November 21, 2014 – 7:03PM
Warming up: Wanderers winger Nikita Rukavytsya. Photo: Getty Images
New Western Sydney Wanderers signing Nikita Rukavytsya says it will take him a little while to hit top gear but he has no doubts he can reproduce the form that made him one of Australia’s most promising talents.
Along with fellow recruits Romeo Castelen and Seyi Adeleke, Rukavytsya made his home A-League debut in Wednesday’s 0-0 draw against the Central Coast Mariners and was deployed as a left-side winger as Tomi Juric took up the focal point in attack.
While Rukavytsya wasn’t quite able to impose his authority on the contest, the exhilarating pace that made him such a star with Perth Glory five years ago clearly remains intact and the Ukrainian-born forward is convinced he’ll only get better from here.
“That was just my second start since joining the club and I’m getting much fitter with every game. I’ll be at my best soon,” he said. “I had a full pre-season in Germany [with former club Mainz] but I didn’t play so many games. My fitness is good but as everyone knows, the difference between training fitness and match fitness is huge. It’s a totally different thing. I was obviously lacking match fitness but I’m feeling better and better and it won’t be long until I’m at 100 per cent.”
Perhaps an indicator of his current match fitness came when coach Tony Popovic brought Rukavytsya off for Mark Bridge after 65 minutes.
“That was the coach’s decision, which is understandable,” he said. “I felt like I could have gone for 90 minutes but we have so many games coming up that I want to get through all of them and be available whenever the coach wants to use me.”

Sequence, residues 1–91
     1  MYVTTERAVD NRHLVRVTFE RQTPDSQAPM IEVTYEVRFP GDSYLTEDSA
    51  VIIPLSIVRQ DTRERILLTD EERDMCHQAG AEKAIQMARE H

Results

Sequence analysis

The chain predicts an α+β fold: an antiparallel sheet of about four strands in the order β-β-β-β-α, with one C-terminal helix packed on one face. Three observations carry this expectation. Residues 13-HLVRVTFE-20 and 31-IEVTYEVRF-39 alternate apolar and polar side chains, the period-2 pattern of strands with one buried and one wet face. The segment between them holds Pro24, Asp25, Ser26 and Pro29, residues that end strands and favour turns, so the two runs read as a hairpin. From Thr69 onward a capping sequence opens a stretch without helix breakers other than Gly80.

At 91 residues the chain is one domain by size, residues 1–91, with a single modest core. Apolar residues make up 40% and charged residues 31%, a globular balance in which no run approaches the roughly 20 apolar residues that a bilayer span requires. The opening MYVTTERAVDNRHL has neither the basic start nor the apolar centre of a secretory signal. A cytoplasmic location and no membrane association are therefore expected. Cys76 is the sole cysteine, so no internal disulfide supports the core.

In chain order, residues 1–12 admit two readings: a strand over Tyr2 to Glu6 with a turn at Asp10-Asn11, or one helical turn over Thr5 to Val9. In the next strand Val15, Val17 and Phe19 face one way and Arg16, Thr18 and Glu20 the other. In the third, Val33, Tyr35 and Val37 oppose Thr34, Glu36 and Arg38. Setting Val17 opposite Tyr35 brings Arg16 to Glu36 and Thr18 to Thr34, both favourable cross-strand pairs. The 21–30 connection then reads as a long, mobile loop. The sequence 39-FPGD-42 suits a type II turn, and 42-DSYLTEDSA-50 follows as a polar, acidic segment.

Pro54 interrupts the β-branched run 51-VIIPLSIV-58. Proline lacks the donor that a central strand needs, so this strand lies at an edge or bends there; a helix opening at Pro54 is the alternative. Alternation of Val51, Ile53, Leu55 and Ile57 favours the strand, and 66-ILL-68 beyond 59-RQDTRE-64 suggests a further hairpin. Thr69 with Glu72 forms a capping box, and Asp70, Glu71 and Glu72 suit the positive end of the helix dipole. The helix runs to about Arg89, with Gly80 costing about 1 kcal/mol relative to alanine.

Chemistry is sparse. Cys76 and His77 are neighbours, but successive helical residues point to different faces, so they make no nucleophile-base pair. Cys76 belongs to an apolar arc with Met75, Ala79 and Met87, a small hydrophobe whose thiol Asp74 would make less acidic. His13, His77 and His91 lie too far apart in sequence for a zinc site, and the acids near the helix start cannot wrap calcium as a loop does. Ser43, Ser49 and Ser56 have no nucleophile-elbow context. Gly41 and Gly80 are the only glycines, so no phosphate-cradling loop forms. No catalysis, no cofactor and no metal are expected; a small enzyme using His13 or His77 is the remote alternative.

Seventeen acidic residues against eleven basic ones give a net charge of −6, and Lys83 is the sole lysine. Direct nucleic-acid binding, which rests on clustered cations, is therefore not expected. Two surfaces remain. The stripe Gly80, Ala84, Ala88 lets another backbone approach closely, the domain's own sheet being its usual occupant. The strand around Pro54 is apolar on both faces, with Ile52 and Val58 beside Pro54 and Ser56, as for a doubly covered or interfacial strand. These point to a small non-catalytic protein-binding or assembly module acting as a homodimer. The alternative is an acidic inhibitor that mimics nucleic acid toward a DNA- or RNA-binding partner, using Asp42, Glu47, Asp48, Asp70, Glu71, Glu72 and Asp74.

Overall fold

While concern mounts that the Wanderers aren’t picking up enough points to stay in touch with the top six – they’ve taken just one from their first five games – Rukavytsya mirrors Popovic’s view that there’s nothing to panic about.
“It’s still only the beginning of the season and the boys have already had a lot of games and a lot of travelling, so it’s a challenge,” he said. “But that’s not an excuse. Obviously a few new boys are coming in as well and we’re all trying to gel as a team. That will take some time but we’re progressing with each game and, soon enough, it will be much better.”
The Wanderers had ample chances to finish off the plucky Mariners, especially in the second half, but couldn’t find a way past visitors’ goalkeeper Liam Reddy.
“We played some good football. We had some good chances to score but unfortunately the ball just wouldn’t go in the net for us,” he said. “Now we have a short turnaround before the Newcastle game at home on Saturday night and it’s important everyone starts thinking quickly about that game and what we can do better.”
Upon arriving in Australia last month, Rukavytsya declared he wanted to resume the striker’s role after being used as a winger in Germany – which he did to great effect at Hertha Berlin. However, he may have a battle on his hands, especially when the talented Juric is playing.
“Of course that’s what I like but it’s really no problem and we have great attacking players. I can play anywhere up front,” he said. “I just want to do my best for the team. If I have to play on the left, it doesn’t matter. It’s something I got quite used to in Europe.”
One of the main attractions for any prospective Wanderer is playing in front of one of the league’s most vocal supporter groups, something Rukavytsya clearly relished in his first home appearance.
“The fans are amazing here and every game they come out in support, even during the week. It really does make a difference for the team,” he said. “I had some idea of what to expect because of the Asian Champions League, where I was able to watch the last few games, so I knew what the atmosphere was going to be like and today was no different. They sing and support us all for all 90 minutes and that’s great.”
The 27-year old still hasn’t given up hope of working his way into next year’s Asian Cup squad but admits it’s not his immediate priority.
“I watched the game against Japan and I still have a lot of friends who are in the national team. It’s a little bit hard to watch when you know that you want to be a part of that and representing your country,” he said. “But I can’t really think too much about that right now. My focus just has to be on doing well for the Wanderers and if I do well here I’m sure things will happen.”
Source : The Brisbane Times